Mario Tama/GettyIf you’ve tried to get a COVID-19 vaccine appointment, you know how frustrating the process can be. People are spending hours obsessively refreshing websites, hoping an appointment will open up somewhere. They scan Facebook groups for tips and insider information. One writer compared it to Soviet-style queues for cabbage.The competition for slots will only worsen when the COVID-19 vaccination priority list opens to the broader public.It doesn’t have to be this way. Much of this misery comes from poorly designed vaccine sign-up websites, but the problem is more fundamental.As an expert in health care operations and vaccine supply chains, I have closely followed the difficulties in connecting COVID-19 vaccine doses with people. I believe the best solution to vaccine appointment scheduling lies in building a trustworthy one-stop preregistration system. The U.S. has now surpassed half a million deaths from COVID-19, and new fast-spreading variants of the coronavirus are adding to the urgency. As states scramble to speed up vaccinations and try to prevent their limited doses going to waste, a handful of them are testing this approach.The traditional vaccine sign-up model does not work when the demand for vaccines far exceeds supply.Under that model, the only way to get vaccinated is to reserve an appointment slot. Naturally, the fear of being left out drives people to attempt to sign up as soon as appointment slots become available. This leads to a rush of people endlessly refreshing the same websites for the few appointments available.Even if all states had one-stop appointment websites that did not crash under high volume, the limited vaccine supply would mean most appointment slots would quickly be taken. That could make it even harder for people who aren’t tech-savvy to get the vaccine.To fix the broken vaccine scheduling system, we need to break this cycle. 1299353966 Teacher Lily Gottlieb waits in a socially distanced standby line for people hoping to receive leftover COVID-19 vaccine doses in Encino, California. Mario Tama/Getty Most people have fairly realistic expectations about when they will be vaccinated. Their anxiety comes from the fear of being left out. To address this anxiety, the system must be designed to reassure people that they will receive vaccines within a reasonable time frame.In Israel, which leads the world in COVID-19 vaccination, citizens do not need to actively sign up for vaccine appointments. Rather, they are notified when they become eligible via text messages and can then make an appointment.States can echo this “push” system by creating a one-stop preregistration portal where everyone registers once and is notified to schedule appointments when their turn arrives. The preregistration step helps avoid waves of people trying to get appointments at the same time, which can crash computer systems, as Massachusetts experienced on Feb. 18.A good system will make it easy for people to check their position in the vaccine queue at any time, provide an estimated time to vaccination based on frequently updated supply information and then send notifications when their date is getting close. Underlying the system, vaccine doses can be allocated among eligible users on the registry using a lottery system.A well-designed preregistration system can also help avoid vaccine doses going to waste because of no-shows. With an active waitlist, vaccine planners can match supply with demand in an agile manner and offer appointments to people a few days in advance rather than scheduling appointments weeks out when the supply isn’t certain. Research in appointment scheduling has shown that no-shows are more likely under long lead times. People line up in the rain outside the Yankee Stadium for vaccinations reserved for residents of The Bronx. Timothy A. Clary/Getty West Virginia uses a statewide preregistration system and has so far been more successful at vaccinating its population than almost every other state. It controls the process from preregistration to appointment. To get the vaccine, almost all residents, with a few exceptions, are required to use the state system, with options to register either online or by phone.Minnesota just launched a similar system. “We still have a frustratingly limited vaccine supply from the federal government, but every Minnesotan should know their chance to get a vaccine will come. Today, we are connecting them directly to that process,” Minnesota Gov. Tim Walz said in announcing the preregistration system on Feb. 18.More states should follow their lead as more of the general population becomes eligible for the vaccine in the coming months.In Massachusetts, where a vaccine sign-up website crashed shortly after launching, nearly every member of the state’s congressional delegation has urged Gov. Charlie Baker to launch a preregistration system. A few other states already have limited preregistration systems that could be expanded.Preregistration can still create confusion if the process isn’t coordinated and users don’t know what to expect.In Virginia, for example, counties created their own preregistration systems, but when the pharmacy chain CVS announced it was taking appointments, users didn’t know what to do. Most Virginia counties are now shifting to a statewide preregistration system. In Santa Cruz County, California, residents have struggled with a preregistration portal that doesn’t provide confirmation or an estimated time to vaccination.“Efficiency-equity trade-off” has become a buzzword in discussing COVID-19 vaccination. With limited vaccine supply, the traditional sign-up model has proven to be both inefficient and inequitable. Moving away from that model and establishing one-stop preregistration systems is one key to resolving the painful vaccine scheduling process.Tinglong Dai is an associate professor of operations management & business analytics, at the Johns Hopkins Carey Business School, Johns Hopkins University School of NursingRead more at The Daily Beast.Get our top stories in your inbox every day. Sign up now!Daily Beast Membership: Beast Inside goes deeper on the stories that matter to you. Learn more.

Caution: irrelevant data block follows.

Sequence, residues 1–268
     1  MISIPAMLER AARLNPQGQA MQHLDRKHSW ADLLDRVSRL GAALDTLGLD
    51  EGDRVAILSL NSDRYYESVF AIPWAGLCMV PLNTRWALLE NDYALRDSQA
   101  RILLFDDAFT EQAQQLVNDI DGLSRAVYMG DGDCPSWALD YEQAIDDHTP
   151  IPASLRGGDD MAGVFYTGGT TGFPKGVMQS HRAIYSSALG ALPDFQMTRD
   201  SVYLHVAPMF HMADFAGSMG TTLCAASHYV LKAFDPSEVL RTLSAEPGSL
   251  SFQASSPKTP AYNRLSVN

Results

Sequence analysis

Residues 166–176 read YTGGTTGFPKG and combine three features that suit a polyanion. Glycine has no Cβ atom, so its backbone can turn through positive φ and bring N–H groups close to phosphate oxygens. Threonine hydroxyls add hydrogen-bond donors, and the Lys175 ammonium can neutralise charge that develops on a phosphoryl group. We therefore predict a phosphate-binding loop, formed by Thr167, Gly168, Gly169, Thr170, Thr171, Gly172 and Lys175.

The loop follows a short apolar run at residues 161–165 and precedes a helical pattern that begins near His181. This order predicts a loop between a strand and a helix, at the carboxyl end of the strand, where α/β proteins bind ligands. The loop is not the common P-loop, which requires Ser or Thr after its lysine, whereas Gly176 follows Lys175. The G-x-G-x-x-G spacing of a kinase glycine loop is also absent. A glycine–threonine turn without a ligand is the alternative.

- Business Insider
An ex-girlfriend tipped off the FBI about an alleged US Capitol rioter after he called her a 'moron'
Richard Michetti was arraigned Tuesday in Philadelphia over his alleged participation in the January 6 insurrection.
- The Independent
The Democratic operative criticised the Senator’s daughter for receiving a pay increase as a CEO
Jill Biden assures Kelly Clarkson things will get better after her divorce: 'If I hadn't gotten divorced, I never would have met Joe'
In a new interview on "The Kelly Clarkson Show," first lady Jill Biden offered the singer advice about healing after divorce and finding love again.
TikTokers are testing family and friends by playing PornHub's music, testing whether they recognize the sound
A TikTok audio called "hey lol" by user khaleel mashes up the PornHub intro music and "Redbone" by Childish Gambino, and it's become a prank.
- The Daily Beast